Finding Instrument frequencies using Notch filtering in Audio Mastering

I would like to share these tips to beginners or those struggling to master their own projects. This can help you find out which fundamental/dominant frequencies are used by different instruments using Notch filtering technique. Since a mastering engineer does not know what frequencies are adjusted/boosted or assigned by the audio mixing engineer; the mastering engineer could still determine what frequencies are to be adjusted during the audio mastering stage.

There are however a lot of techniques in spotting the instrument “sweet spot”. One method is performing musical instrument frequency analysis; a graphical plot that show where in the frequency spectrum does a specific instrument dominates. However, one drawback is that the audio wave you are working is already a summation of different musical instrument signals and the results are not conclusive.

Thus, what seems to be reliable based on my experience is notch filtering. To define, a notch filter is simply an operating mode of parametric equalizer to radically cut/stop a band of signals at an extremely narrow bandwidth range. My favorite setting for a notch filtering (high precision adjustment) is a cut of -48dB with a Q of 100.

The purpose is to detect where the instrument signals “significantly” attenuated or faded. I can do this by sweeping through the frequency range and when this point is found; this is the instruments most dominant frequency (also called “sweet spot” or fundamental).

Different musical instruments have different dominant frequencies which are assigned by the audio mixing engineer. For example, vocals and the presence of the music tends to occupy at a very wide range of 500Hz to 5000Hz, cymbals at 8000Hz to 15 KHz, kick drums at 50Hz to 200Hz, bass guitar at 30Hz to 200Hz.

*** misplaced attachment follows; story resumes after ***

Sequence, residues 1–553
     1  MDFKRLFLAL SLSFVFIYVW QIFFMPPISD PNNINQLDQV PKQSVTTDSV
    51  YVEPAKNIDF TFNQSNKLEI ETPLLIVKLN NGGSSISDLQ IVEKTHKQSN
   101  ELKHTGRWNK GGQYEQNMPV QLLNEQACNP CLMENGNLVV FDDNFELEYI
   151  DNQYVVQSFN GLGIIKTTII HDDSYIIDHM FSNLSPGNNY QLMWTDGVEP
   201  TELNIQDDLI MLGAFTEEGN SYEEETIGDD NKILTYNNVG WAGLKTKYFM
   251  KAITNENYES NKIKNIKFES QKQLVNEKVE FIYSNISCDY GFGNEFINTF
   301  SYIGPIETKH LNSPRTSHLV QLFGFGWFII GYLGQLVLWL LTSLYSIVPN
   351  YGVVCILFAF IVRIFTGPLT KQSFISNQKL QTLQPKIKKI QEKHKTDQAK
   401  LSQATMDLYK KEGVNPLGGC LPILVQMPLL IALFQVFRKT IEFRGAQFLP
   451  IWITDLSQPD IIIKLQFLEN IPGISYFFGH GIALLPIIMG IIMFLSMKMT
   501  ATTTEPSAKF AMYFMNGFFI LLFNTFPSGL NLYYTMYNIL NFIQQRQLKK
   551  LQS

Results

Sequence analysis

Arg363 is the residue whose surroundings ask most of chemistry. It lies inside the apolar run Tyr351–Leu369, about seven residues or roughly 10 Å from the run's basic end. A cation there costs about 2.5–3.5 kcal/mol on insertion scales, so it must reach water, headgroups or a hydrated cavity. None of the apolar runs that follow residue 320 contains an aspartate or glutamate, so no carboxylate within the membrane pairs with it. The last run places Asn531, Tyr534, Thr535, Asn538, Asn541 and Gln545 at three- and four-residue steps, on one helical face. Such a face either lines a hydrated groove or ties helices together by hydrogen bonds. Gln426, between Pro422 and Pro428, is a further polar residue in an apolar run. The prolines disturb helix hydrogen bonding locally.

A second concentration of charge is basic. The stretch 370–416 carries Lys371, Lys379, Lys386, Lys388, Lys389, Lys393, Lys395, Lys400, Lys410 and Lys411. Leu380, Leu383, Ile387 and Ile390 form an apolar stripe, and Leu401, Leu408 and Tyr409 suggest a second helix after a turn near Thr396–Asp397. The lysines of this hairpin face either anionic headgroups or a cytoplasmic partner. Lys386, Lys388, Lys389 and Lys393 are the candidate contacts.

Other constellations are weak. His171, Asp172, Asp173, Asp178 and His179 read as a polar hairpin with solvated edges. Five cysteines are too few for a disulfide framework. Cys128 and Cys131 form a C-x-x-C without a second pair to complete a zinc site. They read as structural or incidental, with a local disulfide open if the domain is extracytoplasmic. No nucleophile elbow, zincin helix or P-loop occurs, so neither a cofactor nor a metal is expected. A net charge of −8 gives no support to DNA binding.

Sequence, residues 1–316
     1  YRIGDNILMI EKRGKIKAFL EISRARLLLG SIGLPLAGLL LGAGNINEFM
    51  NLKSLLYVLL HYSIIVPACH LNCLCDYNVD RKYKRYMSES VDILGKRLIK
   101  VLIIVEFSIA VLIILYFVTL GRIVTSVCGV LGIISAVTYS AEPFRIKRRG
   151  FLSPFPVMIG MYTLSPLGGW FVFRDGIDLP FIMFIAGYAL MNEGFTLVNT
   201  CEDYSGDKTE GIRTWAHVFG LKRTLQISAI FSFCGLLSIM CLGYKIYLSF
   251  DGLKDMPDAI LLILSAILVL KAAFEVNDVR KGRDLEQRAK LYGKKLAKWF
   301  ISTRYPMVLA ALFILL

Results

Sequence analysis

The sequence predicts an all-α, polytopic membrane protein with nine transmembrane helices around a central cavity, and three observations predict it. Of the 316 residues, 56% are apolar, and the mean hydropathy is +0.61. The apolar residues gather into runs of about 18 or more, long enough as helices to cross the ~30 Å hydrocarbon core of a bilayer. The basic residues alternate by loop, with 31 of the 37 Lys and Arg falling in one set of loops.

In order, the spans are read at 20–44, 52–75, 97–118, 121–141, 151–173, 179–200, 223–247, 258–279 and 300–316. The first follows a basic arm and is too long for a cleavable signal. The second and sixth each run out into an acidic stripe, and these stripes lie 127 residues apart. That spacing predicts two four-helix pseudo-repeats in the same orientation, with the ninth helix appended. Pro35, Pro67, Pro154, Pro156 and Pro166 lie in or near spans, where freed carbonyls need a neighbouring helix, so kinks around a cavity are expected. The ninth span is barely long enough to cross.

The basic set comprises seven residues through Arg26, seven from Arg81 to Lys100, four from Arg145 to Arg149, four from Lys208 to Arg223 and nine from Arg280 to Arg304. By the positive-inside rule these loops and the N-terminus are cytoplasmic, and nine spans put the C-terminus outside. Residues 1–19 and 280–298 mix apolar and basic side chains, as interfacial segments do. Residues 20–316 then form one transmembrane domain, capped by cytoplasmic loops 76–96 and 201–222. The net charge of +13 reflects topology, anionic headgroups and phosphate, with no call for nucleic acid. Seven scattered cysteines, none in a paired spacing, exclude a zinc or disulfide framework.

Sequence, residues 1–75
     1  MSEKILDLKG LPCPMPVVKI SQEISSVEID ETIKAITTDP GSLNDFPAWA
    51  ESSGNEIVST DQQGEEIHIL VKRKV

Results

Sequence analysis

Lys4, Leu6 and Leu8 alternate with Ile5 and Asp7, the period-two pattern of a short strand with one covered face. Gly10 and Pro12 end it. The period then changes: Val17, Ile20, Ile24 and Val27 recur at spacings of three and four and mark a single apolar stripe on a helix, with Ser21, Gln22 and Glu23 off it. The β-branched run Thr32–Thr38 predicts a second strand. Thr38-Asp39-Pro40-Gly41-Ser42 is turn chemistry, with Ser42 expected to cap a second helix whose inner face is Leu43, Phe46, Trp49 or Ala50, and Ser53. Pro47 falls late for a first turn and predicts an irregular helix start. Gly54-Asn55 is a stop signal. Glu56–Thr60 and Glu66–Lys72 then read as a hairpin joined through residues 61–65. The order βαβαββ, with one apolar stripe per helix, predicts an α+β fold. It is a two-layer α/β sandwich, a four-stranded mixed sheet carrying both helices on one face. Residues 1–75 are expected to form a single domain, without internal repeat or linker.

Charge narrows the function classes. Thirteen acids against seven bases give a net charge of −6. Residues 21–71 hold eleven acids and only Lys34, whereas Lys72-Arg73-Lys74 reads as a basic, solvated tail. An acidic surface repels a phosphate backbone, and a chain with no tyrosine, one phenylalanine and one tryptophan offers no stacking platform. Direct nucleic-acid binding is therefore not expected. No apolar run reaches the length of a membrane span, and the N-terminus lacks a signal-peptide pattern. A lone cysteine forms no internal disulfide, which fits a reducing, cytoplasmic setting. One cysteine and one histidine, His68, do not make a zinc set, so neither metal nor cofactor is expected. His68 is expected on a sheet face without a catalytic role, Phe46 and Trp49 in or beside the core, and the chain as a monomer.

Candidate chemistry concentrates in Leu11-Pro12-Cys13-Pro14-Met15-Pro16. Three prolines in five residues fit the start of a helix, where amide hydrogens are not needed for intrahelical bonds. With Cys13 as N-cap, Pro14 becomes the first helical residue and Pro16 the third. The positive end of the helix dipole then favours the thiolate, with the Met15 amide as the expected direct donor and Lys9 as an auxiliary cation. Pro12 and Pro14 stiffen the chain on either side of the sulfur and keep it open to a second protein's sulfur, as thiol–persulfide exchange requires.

But take note these are very wide frequency ranges. If it’s very wide, the mastering engineer cannot effectively cut or boost problematic frequencies if they occur in the mastering. In another way, the mastering engineer could also not emphasize important frequencies that the instrument should be boosted to improve its presence in the track. A good example is the kick drum and bass.

Some songs have bass guitar mixed at a lower frequency than the kick. But other tracks may have kick drums occupying at the subwoofer frequencies. Using notch filtering, the mastering engineer can isolate these two effectively. The mastering engineer will simply do notch filtering adjustment then sweep through this frequency range. Let’s have a demonstration:

Example #1: Find what specific frequency the kick drum needs to be adjusted in the provided audio sample.

Trial 1: Sweep to 200Hz

200Hz sweep notch filter

200Hz sweep notch filter

Audio result (observed the kick drum spikes):

Trial 2: Sweep to 90Hz

90Hz notch filter sweep

90Hz notch filter sweep

Audio result:

Trial 3: Sweep to 50Hz

50hz notch filter adjustment

50hz notch filter adjustment

Audio Result: